EU agencies say Google breaking law: commissioner

Thu Mar 1, 2012 9:44am EST
 
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LONDON (Reuters) - Data protection agencies in European countries have concluded Google Inc's new privacy policy is in breach of European law, EU Justice Commissioner Viviane Reding said Thursday.

France's data protection watchdog, the CNIL, has also cast doubt on the legality of the policy and informed Google it would lead a European-wide investigation into this.

Reding told BBC Radio Four data control authorities in Europe asked French counterparts to analyze the new policy.

"And they have come to the conclusion that they are deeply concerned, and that the new rules are not in accordance with the European law, and that the transparency rules have not been applied," Reding said.

Google said in January it was simplifying its privacy policy, consolidating 60 guidelines into a single one that will apply to all its services including YouTube, Gmail and social network Google+.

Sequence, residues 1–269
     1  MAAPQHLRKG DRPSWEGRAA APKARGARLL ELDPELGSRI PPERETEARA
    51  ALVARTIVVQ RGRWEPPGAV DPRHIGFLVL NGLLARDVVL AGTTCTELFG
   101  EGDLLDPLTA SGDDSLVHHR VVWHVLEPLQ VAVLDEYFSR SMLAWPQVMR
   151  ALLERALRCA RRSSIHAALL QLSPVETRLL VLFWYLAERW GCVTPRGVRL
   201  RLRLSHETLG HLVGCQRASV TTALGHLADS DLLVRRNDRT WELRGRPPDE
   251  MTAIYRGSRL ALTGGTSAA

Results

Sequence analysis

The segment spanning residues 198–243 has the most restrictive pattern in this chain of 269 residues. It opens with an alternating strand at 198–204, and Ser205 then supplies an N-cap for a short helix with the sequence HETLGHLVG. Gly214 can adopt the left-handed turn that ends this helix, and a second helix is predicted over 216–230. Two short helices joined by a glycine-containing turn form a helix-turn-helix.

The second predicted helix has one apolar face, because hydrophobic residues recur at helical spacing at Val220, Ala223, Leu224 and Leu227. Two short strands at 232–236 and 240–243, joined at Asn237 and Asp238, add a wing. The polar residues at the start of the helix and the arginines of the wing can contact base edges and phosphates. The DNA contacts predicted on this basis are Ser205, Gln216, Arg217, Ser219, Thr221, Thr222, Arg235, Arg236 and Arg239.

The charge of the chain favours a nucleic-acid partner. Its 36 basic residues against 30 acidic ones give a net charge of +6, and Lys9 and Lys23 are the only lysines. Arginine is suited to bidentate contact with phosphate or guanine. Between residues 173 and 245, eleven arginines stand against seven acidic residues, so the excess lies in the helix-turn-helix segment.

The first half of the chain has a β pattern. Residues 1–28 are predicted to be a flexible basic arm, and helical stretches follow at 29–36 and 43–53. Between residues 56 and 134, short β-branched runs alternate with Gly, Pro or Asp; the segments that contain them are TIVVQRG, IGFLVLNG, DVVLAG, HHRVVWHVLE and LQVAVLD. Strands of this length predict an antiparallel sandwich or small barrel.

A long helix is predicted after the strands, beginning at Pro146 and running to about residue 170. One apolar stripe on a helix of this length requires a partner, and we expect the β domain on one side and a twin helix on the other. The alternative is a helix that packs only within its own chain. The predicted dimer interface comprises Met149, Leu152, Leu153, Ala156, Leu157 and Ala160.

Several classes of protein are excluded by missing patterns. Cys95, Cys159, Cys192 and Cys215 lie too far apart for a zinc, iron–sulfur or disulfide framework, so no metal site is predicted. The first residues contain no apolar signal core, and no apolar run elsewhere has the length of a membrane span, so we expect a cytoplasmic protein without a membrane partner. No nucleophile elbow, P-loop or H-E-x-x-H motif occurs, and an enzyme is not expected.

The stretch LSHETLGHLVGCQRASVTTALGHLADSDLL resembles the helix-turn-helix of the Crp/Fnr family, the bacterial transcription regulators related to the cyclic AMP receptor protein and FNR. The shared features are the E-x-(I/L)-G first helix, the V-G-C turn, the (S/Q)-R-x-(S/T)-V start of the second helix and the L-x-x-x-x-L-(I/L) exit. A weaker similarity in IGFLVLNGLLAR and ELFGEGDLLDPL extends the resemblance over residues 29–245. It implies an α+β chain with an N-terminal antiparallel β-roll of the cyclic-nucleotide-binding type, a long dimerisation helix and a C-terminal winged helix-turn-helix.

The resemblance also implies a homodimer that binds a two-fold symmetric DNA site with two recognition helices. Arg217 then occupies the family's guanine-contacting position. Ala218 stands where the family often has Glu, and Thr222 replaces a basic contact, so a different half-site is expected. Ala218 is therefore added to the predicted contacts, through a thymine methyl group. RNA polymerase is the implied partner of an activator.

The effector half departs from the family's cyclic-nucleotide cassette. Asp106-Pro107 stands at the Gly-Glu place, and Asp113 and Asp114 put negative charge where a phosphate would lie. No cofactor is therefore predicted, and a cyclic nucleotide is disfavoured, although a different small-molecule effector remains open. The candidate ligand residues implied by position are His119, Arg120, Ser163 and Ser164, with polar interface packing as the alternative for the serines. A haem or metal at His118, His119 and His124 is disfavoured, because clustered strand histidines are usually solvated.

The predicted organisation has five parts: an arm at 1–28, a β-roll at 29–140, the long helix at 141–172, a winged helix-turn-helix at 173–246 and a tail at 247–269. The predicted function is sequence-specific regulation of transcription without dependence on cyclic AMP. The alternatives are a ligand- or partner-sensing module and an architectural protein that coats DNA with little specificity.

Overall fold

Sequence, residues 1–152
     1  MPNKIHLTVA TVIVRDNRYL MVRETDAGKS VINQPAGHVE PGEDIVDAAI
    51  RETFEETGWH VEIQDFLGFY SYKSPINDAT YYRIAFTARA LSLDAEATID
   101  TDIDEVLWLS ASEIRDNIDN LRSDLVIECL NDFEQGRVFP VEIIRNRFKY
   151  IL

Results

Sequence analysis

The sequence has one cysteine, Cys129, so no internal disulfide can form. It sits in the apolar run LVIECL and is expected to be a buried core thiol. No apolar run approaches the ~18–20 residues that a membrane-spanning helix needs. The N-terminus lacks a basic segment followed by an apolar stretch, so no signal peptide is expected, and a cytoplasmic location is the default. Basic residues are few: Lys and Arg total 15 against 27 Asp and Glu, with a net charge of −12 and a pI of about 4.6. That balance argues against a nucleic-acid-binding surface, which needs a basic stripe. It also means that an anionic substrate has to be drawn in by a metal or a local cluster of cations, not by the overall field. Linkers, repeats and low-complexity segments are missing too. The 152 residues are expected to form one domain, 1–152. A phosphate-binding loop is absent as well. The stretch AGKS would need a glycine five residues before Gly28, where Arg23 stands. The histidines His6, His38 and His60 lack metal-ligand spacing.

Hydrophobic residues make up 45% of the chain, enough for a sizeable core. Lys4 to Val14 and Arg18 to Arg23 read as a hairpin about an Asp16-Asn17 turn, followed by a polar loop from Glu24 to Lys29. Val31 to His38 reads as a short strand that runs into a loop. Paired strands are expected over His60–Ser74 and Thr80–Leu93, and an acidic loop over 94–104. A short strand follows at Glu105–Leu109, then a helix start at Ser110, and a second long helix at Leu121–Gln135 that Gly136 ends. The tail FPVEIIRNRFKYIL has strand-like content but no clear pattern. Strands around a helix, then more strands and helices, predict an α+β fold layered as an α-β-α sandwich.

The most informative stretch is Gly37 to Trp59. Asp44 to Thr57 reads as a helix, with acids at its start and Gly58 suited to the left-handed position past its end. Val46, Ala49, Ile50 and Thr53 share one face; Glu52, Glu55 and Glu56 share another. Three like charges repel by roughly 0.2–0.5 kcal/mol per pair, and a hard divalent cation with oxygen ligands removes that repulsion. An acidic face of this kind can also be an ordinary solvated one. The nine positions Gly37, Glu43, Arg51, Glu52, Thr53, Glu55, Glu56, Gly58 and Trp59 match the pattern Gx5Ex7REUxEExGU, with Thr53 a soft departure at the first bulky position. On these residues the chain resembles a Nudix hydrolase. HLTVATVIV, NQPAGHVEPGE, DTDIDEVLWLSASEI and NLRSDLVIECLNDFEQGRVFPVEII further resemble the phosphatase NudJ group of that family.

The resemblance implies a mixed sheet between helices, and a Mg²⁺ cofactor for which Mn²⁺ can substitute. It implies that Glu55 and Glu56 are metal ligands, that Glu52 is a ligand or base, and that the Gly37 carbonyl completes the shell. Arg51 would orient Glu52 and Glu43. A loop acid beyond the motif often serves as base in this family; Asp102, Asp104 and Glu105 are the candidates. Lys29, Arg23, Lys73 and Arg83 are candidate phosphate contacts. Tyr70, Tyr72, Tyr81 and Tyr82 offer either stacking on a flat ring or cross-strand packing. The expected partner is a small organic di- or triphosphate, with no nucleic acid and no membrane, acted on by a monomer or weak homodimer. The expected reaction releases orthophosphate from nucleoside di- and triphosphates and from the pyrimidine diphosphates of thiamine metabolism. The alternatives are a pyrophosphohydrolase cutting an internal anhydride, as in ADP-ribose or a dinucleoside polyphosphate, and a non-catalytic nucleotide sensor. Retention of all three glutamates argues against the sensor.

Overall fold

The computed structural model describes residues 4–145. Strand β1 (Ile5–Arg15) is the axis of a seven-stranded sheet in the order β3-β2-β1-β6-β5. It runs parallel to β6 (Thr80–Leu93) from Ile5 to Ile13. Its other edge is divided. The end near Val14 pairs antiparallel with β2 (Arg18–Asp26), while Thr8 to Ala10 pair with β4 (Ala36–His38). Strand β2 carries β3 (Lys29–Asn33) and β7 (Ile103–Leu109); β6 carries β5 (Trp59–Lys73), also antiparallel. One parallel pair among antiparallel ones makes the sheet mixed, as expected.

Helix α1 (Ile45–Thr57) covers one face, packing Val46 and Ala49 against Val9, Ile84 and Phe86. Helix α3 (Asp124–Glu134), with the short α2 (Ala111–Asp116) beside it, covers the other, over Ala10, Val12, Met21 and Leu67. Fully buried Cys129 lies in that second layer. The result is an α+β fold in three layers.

Users cannot opt out of the new policy if they want to continue using Google's services.

Asked in what respects the policy could be breaking EU law, Reding said: "In numerous respects. One is that nobody had been consulted, it is not in accordance with the law on transparency and it utilizes the data of private persons in order to hand it over to third parties, which is not what the users have agreed to."

It would have been impossible for Google to instigate the policy under proposed legislation she laid out on January 25, Reding said.

"Protection of personal data is a basic rule of the European Union. It is inscribed in the treaties. It is not an if, it is a must," she said.   Continued...

 
A man walks past a Google logo drawn with chalk on a wall at the Google campus near Venice Beach, in Los Angeles, California January 13, 2012.  REUTERS/Lucy Nicholson